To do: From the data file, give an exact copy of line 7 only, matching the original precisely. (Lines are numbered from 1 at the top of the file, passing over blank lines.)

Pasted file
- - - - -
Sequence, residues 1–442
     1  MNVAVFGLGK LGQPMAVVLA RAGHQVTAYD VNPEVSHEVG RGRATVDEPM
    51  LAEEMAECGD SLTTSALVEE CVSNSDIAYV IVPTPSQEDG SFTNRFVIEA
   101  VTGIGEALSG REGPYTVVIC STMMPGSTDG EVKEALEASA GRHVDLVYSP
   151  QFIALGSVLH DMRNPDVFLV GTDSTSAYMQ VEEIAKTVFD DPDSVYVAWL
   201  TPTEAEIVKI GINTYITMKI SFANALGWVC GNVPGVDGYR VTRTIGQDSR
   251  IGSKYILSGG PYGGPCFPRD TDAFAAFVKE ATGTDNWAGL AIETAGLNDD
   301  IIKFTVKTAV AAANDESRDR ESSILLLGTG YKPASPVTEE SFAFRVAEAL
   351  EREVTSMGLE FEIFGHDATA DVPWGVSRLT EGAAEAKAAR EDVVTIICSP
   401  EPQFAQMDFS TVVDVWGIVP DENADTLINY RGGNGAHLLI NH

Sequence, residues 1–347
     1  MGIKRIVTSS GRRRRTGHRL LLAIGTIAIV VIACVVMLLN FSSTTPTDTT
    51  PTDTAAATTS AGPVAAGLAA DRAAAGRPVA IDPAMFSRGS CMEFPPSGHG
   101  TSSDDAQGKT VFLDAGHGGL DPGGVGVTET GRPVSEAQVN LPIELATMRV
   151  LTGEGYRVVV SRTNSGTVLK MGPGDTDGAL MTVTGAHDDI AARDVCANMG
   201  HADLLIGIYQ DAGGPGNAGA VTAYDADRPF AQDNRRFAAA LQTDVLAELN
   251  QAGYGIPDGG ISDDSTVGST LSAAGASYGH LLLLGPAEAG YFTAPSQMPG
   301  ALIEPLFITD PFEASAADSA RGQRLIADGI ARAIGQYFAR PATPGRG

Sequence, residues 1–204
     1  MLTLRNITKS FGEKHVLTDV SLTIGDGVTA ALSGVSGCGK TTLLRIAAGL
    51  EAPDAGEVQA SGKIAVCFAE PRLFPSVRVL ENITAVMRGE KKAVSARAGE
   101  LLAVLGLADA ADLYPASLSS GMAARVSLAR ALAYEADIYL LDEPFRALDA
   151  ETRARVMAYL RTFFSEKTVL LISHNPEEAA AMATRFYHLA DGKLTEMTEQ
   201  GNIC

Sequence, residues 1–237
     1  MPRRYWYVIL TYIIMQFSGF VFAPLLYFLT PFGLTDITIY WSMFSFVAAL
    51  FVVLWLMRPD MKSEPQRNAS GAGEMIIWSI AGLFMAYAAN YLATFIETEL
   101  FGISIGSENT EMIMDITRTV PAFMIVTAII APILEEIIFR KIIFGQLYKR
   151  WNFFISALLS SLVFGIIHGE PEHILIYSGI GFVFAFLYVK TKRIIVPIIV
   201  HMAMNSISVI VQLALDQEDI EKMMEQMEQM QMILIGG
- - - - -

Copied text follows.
   251  IGSKYILSGG PYGGPCFPRD TDAFAAFVKE ATGTDNWAGL AIETAGLNDD